Whitwell: Four reasons why we must appreciate Philip Glass

Listen and learn



In 2011, Sally Whitwell won an ARIA award for Mad Rush – her collection of music by Philip Glass.

And she still can’t get enough.

This month, she releases Philip Glass – Complete Etudes for Solo Piano. So why does this Australian composer and pianist love Glass so much, anyway? Why should we all continue to appreciate his music? 

Let’s find out in these four reasons, as written by Sally herself:


Reason 1: Meditation

So much of Philip Glass’s music is like a meditation. I’m not talking about health-spa-aromatherapy-chakra-alignment-massage-meditations washed down with a kale shake, so stay with me folks. It’s a meditation in the sense of going towards a concentrated space, as opposed to retreating from a chaotic space. That’s why for myself, I most often listen to Glass when I’m out and about in a busy place, to block out the chaotic competing noises with one, focused sound world.

Playing it is like a meditation too, or a mindfulness exercise, because you have to be completely present 100 per cent of the time so that you don’t lose track of where you are in the structure.

Reason 2: Immersion

These days when you go to a museum, they frequently talk about it as an ‘experience’ rather than as an ‘exhibition’. You get your audio tour headset, which guides you around the visual elements; whilst providing a constant sound world, which serves to immerse you in the material. It works, I mean, I love it!

But way before there was museum immersion, there was Einstein on the Beach, which I saw live for the first time in Melbourne in 2013. Although I’d always loved this perfect theatrical synthesis of text, dance, and music from afar, it wasn’t until I was there in the theatre, feeling like I was sitting inside a giant 1970s synthesiser, tears of joy streaming down my face, that I really knew what immersion was.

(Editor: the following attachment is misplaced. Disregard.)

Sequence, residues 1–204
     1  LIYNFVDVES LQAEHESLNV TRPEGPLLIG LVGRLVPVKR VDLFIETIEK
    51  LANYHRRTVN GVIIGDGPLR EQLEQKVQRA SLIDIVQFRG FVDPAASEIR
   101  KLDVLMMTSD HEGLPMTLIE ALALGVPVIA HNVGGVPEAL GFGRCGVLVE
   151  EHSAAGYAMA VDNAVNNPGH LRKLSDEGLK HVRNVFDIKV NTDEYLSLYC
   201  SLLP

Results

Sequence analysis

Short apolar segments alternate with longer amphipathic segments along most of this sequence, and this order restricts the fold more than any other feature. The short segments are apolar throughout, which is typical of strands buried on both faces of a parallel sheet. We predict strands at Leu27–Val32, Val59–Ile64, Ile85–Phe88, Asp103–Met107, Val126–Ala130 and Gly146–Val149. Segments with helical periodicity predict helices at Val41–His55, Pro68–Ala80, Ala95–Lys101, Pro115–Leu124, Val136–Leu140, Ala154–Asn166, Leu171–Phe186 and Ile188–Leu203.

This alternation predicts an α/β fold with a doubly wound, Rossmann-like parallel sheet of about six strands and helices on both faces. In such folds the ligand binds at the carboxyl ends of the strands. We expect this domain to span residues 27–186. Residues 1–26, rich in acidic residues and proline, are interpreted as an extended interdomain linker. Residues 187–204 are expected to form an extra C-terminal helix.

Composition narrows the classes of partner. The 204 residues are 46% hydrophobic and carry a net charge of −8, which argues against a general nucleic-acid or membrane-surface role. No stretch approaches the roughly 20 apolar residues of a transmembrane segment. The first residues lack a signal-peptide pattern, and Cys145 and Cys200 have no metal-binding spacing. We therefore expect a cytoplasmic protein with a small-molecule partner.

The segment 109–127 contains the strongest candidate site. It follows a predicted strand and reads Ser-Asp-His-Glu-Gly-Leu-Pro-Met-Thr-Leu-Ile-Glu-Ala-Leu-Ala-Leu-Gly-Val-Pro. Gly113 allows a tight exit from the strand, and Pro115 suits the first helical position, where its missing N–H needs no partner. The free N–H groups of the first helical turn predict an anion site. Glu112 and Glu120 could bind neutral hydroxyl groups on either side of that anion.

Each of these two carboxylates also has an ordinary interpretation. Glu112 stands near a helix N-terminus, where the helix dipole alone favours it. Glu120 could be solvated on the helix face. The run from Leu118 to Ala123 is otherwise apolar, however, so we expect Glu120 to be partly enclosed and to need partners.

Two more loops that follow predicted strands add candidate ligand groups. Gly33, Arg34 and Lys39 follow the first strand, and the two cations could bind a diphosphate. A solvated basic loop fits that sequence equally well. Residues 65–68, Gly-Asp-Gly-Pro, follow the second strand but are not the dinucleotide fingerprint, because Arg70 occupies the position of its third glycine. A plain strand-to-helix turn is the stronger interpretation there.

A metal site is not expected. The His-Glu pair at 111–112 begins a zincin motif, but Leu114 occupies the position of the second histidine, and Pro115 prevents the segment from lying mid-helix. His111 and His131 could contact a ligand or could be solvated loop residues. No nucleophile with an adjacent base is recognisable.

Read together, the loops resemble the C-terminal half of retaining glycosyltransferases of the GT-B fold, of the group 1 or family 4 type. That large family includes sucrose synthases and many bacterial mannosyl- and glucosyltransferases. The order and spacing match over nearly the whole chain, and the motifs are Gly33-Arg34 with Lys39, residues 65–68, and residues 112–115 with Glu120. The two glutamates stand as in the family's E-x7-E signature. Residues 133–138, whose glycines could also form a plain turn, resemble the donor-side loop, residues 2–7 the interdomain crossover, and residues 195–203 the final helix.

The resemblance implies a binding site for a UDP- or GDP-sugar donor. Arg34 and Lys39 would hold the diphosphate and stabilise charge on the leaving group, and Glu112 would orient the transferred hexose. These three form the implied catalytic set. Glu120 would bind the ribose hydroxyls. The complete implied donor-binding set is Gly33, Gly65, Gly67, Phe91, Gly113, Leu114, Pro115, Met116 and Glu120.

Reason 3: Politics

For a film that has only music and no dialogue, Koyaanisqatsi shouts pretty loud. It shouts about the way that we live our lives in the western world, the intensity and the insanity. Koyaanisqatsi is a Hopi word meaning ‘life out of balance’, and if you really want to know how little the insanity of modern life has really changed since this film was made in the 1970s, watch it. It will unashamedly manipulate you. You might be kind of terrified, but in a good way. It’s rather like Disney’s Fantasia, but for grownups.

Reason 4: Connection

Glass carries on a long tradition of classical music borrowing from popular music or folk music; high-brow paying tribute to low-brow. Think the second movement of Ravel’s Violin Sonata, which is a ‘blues’, or any one of Elena Kats Chernin’s rags. The difference with Glass is firstly, the way he treats the raw materials he borrows. This is very far from pastiche. And secondly, the collaborative nature of his work, the connections he has to creatives from other ‘worlds’. He’s been friends, colleagues, collaborators with the biggest variety of artists in so many genres and disciplines. Take his Symphony No. 1 Low, which is based on themes of his friend and colleague David Bowie.

Anecdotally, I’m aware of many a Bowie fan who became a Glass fan directly as a result of hearing this symphony; a gateway drug for them into contemporary classical world. And that’s got to be a good thing for classical music, more broadly, don’t you think? Incidentally, his third Bowie-inspired symphony Lodger is set for a 2019 premiere in the UK. Look out for it!


Listen to Sally Whitwell perform this music in Philip Glass: Complete Etudes for Solo Piano, out now through ABC Music.



Images courtesy Universal Music Australia.

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